Appoint moderation staff

When running and maintaining a Discord server, it’s critical to appoint trustworthy, competent server staff members who will help you run the place. This is especially important if you have a large following and expect many people to join your server. You cannot monitor your server 24/7, so having moderators around to enforce the rules and help people with questions they may have will save you a lot of time and headaches. Make sure that whoever you appoint as a moderator is someone you trust- after all, they will act on your behalf and can change the community, including banning members. If you are new to Discord, appointing a server staff member with experience running and moderating a server would be extremely helpful.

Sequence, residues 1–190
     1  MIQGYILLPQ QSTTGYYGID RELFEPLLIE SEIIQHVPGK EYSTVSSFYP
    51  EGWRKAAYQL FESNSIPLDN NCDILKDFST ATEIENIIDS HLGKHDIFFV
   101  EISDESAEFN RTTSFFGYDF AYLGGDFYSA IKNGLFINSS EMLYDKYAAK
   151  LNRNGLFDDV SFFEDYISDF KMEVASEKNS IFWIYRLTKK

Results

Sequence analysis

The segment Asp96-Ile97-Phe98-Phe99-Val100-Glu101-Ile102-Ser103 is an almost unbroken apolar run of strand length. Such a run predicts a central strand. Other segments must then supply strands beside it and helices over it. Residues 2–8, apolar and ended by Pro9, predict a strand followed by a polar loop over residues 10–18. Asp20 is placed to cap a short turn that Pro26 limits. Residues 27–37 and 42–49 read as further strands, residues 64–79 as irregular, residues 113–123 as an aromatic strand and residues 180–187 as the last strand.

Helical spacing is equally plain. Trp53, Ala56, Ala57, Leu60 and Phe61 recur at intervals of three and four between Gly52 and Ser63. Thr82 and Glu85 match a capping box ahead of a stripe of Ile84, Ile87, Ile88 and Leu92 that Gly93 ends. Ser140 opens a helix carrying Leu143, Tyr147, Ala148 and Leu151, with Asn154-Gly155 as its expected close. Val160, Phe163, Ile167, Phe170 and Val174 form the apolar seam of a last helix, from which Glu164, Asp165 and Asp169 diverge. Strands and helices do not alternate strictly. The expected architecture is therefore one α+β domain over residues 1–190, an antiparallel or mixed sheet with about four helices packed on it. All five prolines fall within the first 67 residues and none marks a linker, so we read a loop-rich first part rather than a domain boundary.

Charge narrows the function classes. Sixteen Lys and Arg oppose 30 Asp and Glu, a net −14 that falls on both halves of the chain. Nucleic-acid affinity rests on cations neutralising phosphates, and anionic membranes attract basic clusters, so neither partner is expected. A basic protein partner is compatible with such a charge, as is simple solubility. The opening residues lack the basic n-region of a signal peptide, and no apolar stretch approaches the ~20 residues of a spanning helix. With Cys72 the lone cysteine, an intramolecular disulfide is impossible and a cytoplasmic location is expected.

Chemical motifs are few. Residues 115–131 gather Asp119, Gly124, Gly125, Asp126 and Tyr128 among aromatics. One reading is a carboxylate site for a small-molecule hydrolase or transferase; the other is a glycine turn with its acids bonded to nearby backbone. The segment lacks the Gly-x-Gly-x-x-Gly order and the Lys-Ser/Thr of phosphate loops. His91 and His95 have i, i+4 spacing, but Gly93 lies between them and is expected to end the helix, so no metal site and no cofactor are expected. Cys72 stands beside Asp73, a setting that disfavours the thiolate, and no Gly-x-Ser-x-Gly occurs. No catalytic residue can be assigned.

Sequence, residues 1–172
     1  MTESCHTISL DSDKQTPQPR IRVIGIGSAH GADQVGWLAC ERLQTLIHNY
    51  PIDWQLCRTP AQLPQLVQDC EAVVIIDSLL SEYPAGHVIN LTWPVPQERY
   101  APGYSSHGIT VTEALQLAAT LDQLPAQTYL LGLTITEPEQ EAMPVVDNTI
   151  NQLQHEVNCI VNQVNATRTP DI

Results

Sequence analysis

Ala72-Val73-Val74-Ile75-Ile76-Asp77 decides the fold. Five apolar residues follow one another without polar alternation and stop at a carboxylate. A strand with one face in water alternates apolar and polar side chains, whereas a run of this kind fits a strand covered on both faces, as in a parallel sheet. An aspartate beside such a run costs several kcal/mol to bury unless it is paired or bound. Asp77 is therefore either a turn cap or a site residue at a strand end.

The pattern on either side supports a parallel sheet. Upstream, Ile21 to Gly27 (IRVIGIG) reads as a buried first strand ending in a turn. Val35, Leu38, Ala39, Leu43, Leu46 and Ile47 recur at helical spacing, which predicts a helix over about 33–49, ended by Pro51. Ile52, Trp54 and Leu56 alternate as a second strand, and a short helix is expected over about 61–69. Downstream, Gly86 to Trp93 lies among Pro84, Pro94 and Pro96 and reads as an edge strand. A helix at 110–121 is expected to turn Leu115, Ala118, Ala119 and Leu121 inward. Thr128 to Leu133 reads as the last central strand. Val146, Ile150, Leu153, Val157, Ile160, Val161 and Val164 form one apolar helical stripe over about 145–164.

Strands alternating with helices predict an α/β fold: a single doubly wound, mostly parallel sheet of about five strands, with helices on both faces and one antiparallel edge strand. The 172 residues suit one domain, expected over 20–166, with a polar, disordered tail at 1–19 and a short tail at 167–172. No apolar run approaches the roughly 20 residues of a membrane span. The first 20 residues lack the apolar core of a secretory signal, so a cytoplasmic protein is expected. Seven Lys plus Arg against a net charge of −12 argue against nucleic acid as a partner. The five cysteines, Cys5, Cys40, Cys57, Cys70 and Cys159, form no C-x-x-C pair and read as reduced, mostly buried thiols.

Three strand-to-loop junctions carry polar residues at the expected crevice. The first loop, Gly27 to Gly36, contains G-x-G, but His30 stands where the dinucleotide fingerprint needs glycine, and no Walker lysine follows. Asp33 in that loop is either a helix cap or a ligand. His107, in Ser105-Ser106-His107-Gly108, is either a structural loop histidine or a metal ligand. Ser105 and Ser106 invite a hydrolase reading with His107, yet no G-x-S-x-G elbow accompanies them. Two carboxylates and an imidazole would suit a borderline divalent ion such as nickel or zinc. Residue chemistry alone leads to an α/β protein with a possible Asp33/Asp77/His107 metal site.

Upload custom emotes and stickers

To personalize your community, you can upload custom emotes and stickers. While it seems like a silly step, by offering your community specialized emotes, you are enriching their experience and earning free advertisement. Community members with Nitro can use your custom emotes across all of Discord, generating brand awareness for you! Make the custom emotes and stickers relevant to your audience and brand. If you are struggling to develop emotes on your own, tons of amazing artists on Etsy can design them for you!

Create roles

One of the last steps is creating roles. Roles are special profile tags that members can self-assign using a bot feature, and they enhance user profiles within the server. Some extremely common roles for Community servers include age roles, pronouns, and if the user accepts DMs from others. Roles are easy to create: simply navigate to Server Settings and select “Roles” from the menu. You can use many free Discord bots, such as YAGBot or Carlbot, to generate role menus for self-assignment.